What about telecom?
For example, what about media stuff?
The services.
When we look at the smart home one of the areas we include within there is entertainment.
And the device which has grown really fast in terms of connectivity and smartness within the home Is the television and adoption of smart TVs has really, really surged.
And it’s because what has happened is we’ve taken an everyday object.
So most people watch television every day and made it better.
And I think that is the key.
So if you take Something, which is, every single day ,and iterate it, you upgrade the every day, through connectivity, through processing power.
Then you have a hit.
I think a lot of what we call smart entertainment so far, as with smart home is frankly connected entertainment and connected home.
Anything you would look for that will bring us to what is truly smart.
We often think about TVs just being connected, but the reality is, you get things like, say critical practices.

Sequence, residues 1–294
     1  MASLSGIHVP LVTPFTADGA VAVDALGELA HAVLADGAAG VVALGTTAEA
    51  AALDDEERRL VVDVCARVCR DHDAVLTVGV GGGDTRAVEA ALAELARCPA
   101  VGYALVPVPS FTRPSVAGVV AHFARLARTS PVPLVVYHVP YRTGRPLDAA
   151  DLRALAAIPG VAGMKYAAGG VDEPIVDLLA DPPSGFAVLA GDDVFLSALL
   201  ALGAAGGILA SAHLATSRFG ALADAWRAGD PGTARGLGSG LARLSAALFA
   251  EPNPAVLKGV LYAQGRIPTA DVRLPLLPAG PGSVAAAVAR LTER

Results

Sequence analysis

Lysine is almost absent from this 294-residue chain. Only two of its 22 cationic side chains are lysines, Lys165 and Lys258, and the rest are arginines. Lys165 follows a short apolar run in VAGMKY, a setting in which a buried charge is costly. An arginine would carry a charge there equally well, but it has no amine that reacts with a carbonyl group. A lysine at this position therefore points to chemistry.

Developed initially for smartphones or even optical and then dropped into TVs so you get a much better user interface.
As a result, you get slick and moving between apps.
So Rhonda has been a torturous, arduous experience.
It’s great.
Let me take a turn here and talk about 5g, which people don’t think of as a home technology.
They think of it as mobile, because that’s what the G’s have always meant to us, right but we know that the carriers would like to see 5g become at least As much of a home and premise delivery pipeline.
And have you seen anything that is going to give us an appetite as consumers to think more about 5G as a home technology?
I think it definitely will happen.
And it will be an evolution of 4G to the home So the great thing about 5G for the carriers, is that reduces the cost per gigabyte count, and there is some breakthroughs happening in some markets like Japan, where the introduction of 5G has meant that the cost per gigabyte has fallen quite a bit, for the carrier And also for the consumer and demand rockets up as a result.
So in many markets, average usage of mobile will be, say 3 or 4 gigabytes.
The introduction of 5G by one carrier.
In Japan has lead to erupt 30 gigabytes per month.
When we get to a hundredths then we’re starting to move to the point where you’d think, okay this can become more mainstreamed